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Oh no, it's the start/end versus start/count controversy

Well, we've gotta decide what to do about the start/end versus
start/count problem.  Maybe this is a matter of religion but somehow
we've got to cope with it.  I agree with whoever it was who recently
said here that we want to support both options; but this won't come
easily.  The problem is names.

To review, the problem is with things like SUBSEQ, SUBSTRING, and
SUBBITV.  (A BITV is a bit-vector; ignore that choice of type name for
now, that's also up in the air.)  When extracting a sub-sequence, do we
designate the range to be extracted by giving the start element index
and end index, or by a start index and a count of the number of elements
to be extracted?  (Note that zero-origin is definitely decided upon, and
also that in the start/end case, the end is the index of the first
element not selected, not that of the last element selected.)

The Common Lisp "committee," and the NIL "committee" before that,
discussed this question at length.  NIL decided on start/count, Common
Lisp (and Lisp Machine) on start/end.  Start/count is nicer for hardware
like the VAX which prefers things in that form, and is also nicer for
things like bit vectors where you often want to extract a field of known
width.  However, the Lisp Machine people are adamant that start/end is
much more convenient from the programmer's point of view, at least in
the case of strings.

Given that we decide to support BOTH start/count and start/end in a
clean way, we have the naming problem to cope with.  Yuck!  One really
wants to use "subsequence" or "subseq" to refer to a subsequence, but
what to call the two different extraction primitives?  Which case does
SUBSEQ refer to, and what should the other case be called?  The other
for example, is out).

At least in the SUBSEQ case, I suggest the alternate names type-SUBSEQ
=> SUBtype (e.g., STRING-SUBSEQ becomes SUBSTRING) for the type-specific
routines, as convenient and natural abbreviations.

We also have the problem of names for shared versus nonshared
subsequences to cope with... for example, a shared subvector cannot be
implemented as a vector, because vectors, unlike strings, do not have
headers; either you get a new, unshared vector, or you get some strange
object which acts like a sequence but isn't a vector.  So unshared
vectors are natural.  Whereas shared substrings are efficiently
implemented, so one would like to use them.

ALGOL68 uses the term "slice" to refer to a shared sub-array...  so I'll
suggest the following names, just to get people started flaming...  I
know the @'s are absurd (T philosophy: use as few special characters as
possible), but here goes.

(SLICE   seq start count)  - shared
(SLICE@  seq start end)
(SUBSEQ  seq start count)  - copied
(SUBSEQ@ seq start end)

Plus (type-SLICE seq ...), for important type-specific routines,
(SUBtype seq ...), etc.  (SUB@type? SUBtype@? yug.)

The string routines of recent messages posted to this distribution list

Personally, I prefer the start/count form; that's why I made the OTHER
form have the ugly @'s in them.

More naming problems: what to call (a) the routine corresponding to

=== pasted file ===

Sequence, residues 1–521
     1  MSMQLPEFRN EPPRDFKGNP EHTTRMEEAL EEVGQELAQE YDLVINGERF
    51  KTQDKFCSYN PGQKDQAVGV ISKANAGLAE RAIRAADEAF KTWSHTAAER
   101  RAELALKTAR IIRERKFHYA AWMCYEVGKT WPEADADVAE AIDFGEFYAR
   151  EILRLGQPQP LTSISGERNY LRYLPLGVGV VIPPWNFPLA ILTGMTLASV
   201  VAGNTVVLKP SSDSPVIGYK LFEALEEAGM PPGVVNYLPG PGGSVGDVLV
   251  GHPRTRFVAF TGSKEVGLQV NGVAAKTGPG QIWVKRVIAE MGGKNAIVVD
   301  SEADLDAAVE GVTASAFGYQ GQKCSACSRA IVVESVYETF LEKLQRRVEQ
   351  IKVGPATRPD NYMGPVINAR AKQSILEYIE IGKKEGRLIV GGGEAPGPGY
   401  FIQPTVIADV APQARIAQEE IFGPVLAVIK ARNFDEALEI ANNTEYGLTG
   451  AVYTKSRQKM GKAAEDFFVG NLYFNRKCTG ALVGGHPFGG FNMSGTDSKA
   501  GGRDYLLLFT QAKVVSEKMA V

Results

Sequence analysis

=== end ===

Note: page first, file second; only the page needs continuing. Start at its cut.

SUBBITV (BITV-SUBSEQ) which returns the result not as another sequence,
but as an integer?  And (b) the corresponding routines which extract not\n from a bit vector, but an integer?  As far as I can tell, Common Lisp and
Lisp Machine Lisp have nothing corresponding to (a) (the Lispm has no
bit vectors per se, just ART-1B arrays... sigh...); corresponding to (b)
are LDB and DPB, which in Maclisp have the alternate forms LOAD-BYTE and
DEPOSIT-BYTE (the field is specified differently).  NIL, I think,
provides (a) and calls it NIBBLE, which seems a little bizarre to me.

Interesting that Common Lisp uses start/count for LDB but start/end

--------------------				--MORE--

The concept of sequence and generic sequence operations for LISP
originated (I think) with the NIL project; a good explanation and
rationale for this mess is given in the draft Common Lisp manual,
and a poor explanation is given in the new draft T manual.  I should
explain it here but don't have the energy at the moment.

Apparently I've decided that generic sequence operations are a good idea
for T.  I don't want to go whole-hog with this idea like Common Lisp
has, but I think it's a good overall guiding principle.  More on this
later if people are confused & have questions.

(About my views on Common Lisp's sequences:  I think I'm generally
sympathetic.  There's a lot of good stuff there.  Common Lisp has even
gone so far as to make things like LENGTH, APPEND, and REVERSE generic
across sequence types, something I find myself wanting to do for T with
increasing frequency; but my list-oriented constituency will scream
gratuitous generality, especially before I've added some type analysis
and declaration processing to the compiler.  But Common Lisp provides so
much, so many different kinds of iterators and such, that I feel certain
it's left out a lot, and that some unifying concepts have eluded all
who've thought about the problem.  The implementation is going to be
huge and complicated, and I try to avoid that kind of thing.  I was the
first person to try to implement NIL's generic sequence functions and
felt sure there was something wrong then, and I still feel that way,
even though I've been thinking about the problem for two and a half

Perhaps all these semantic & naming difficulties are evidence that the
idea of sequence is either bogus or intractible; maybe strings and bit vectors
really ARE different things, and we shouldn't be misled by their
superficial similarity.  I sincerely hope not...

Whew!  Sorry about all this... had to get it off my chest...